Community Policing is What We Do

By JOE COUTO
Director of Government Relations and Communications
Ontario Association of Chiefs of Police

Published May 1, 2013

When I was invited to speak at a session of the International Association of Chiefs of Police’s 2010 Annual Conference in Orlando, FL, it gave me a chance to drop in on other sessions and get a sense of how police in other jurisdictions look at issues impacting us. The great thing about the IACP’s annual gathering is that you run into police personnel from across the world. If you want to understand how policing is done differently nation-to-nation and even just across the U.S.-Canada border, the IACP conference is a great if somewhat overwhelming experience. On this occasion, one of the sessions I made sure I took in was on community policing.

Community Policing Is What We Do

Community policing is one of those things that means different things to different people. A good place to start is the U.S. Department of Justice and its excellent fact sheet that no one should really have a problem with. The problem we have when we talk about community policing is that while we all agree with the concept, not everyone involved in policing agrees on how it should be actually put into action. Is this about hugging-a-thug? Vigilantism? Is community policing about having cops do less policing, particularly when we’re dealing with demands for cuts to police budgets from many politicians?

Some policing groups in Ontario say all the right things about community policing. They say it’s about partnerships, involving groups that have sometimes had poor relationships with law enforcement in how their communities are policed, building community services as part of the whole concept of “healthy and vibrant” communities”. But at the same time, these same groups are actively undermining the ability of police services to engage in community policing by cutting police budgets. Some are even questioning whether police officers should be doing things like crime prevention and assistance to victims as part of a crusade to redefine “core” policing as basically reactive law enforcement.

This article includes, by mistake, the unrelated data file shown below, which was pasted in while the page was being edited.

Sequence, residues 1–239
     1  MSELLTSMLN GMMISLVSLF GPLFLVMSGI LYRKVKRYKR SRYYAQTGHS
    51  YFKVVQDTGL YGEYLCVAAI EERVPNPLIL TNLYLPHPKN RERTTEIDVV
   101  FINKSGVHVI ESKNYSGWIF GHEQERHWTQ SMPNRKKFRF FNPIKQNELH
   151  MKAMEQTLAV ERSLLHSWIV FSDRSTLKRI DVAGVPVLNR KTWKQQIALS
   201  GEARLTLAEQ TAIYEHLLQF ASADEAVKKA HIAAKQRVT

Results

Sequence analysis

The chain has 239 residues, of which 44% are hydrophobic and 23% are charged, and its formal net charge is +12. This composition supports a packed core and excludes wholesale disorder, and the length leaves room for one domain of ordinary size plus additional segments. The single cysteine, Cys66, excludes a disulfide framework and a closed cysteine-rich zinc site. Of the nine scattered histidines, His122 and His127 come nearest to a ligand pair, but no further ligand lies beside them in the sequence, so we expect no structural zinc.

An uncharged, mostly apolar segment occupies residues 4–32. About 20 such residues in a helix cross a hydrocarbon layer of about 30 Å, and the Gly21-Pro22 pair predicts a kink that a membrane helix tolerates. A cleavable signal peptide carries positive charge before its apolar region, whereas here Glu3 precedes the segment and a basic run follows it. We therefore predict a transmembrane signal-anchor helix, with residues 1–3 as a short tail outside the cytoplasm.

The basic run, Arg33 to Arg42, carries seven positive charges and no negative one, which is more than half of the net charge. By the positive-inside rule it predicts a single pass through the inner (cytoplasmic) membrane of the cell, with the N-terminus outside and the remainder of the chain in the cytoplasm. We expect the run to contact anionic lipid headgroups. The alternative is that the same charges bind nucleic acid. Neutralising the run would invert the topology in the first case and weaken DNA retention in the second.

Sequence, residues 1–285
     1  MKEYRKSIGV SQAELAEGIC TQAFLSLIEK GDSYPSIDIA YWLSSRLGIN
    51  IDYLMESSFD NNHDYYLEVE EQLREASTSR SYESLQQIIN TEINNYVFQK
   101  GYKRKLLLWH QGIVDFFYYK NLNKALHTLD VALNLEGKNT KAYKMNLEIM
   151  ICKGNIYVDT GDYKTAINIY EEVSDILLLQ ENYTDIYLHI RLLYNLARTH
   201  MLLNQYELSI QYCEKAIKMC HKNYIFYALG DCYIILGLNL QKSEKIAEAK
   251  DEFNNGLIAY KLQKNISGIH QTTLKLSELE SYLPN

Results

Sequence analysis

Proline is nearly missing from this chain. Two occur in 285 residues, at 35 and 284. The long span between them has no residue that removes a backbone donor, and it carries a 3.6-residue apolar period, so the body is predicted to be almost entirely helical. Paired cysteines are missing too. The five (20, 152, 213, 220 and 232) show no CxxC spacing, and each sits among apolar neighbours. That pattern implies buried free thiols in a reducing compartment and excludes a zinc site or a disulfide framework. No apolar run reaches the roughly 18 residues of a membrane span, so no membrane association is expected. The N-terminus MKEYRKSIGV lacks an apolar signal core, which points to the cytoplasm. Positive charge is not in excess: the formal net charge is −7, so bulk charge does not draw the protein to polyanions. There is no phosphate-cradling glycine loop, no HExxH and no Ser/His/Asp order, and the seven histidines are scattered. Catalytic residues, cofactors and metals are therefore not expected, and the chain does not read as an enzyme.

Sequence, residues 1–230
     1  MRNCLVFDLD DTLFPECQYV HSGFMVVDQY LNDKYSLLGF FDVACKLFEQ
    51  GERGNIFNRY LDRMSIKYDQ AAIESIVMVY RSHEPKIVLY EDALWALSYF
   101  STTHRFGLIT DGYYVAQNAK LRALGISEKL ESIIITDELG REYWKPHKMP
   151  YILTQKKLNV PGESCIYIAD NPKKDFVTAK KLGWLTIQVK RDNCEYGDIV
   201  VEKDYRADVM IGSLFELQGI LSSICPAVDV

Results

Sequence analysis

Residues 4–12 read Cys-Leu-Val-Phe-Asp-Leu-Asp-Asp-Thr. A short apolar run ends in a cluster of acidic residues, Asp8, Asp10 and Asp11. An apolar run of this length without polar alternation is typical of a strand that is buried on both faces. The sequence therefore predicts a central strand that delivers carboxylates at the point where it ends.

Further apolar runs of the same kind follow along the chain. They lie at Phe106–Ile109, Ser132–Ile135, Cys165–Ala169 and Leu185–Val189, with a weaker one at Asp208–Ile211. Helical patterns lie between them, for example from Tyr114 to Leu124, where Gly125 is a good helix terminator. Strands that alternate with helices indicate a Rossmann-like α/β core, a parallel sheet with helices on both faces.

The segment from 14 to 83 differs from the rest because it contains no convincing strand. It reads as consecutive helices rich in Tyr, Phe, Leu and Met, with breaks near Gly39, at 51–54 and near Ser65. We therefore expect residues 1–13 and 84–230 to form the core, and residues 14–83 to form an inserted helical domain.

Community policing takes (1) organizational commitment, (2) a commitment to change from a reactive police culture to a proactive, community-based approach to policing, (3) investments in training and getting officers out into their communities, and (4) a long-term commitment. In the current climate of budget battles, a long-term commitment to investing in our organizations and our communities is difficult to achieve.

Ontario’s Mobilization & Engagement Model of Community Policing model of developed by the OACP and endorsed by the Government of Ontario is being carefully studied in jurisdictions as far away as the People’s Republic of China. It can be found in criminology textbooks, and new officers coming through the Ontario Police College are being immersed in it. Inspector Robert Keetch and Dr. Hugh C. Russell (LINK) wrote an fascinating article in OACP’s Summer 2012 edition of HQ Magazine detailing the impact our new model has already had in Sudbury which anyone who doubts the benefits of community policing should read.

Community policing is here to stay regardless of the politics of policing because the citizens of Ontario demand their police services adhere to the principles of policing Sir Robert Peel articulated many years ago. Partnerships are the key – between police organizations, oversight bodies, governments, the corporate community, schools, community groups and (most importantly) the citizens of this province.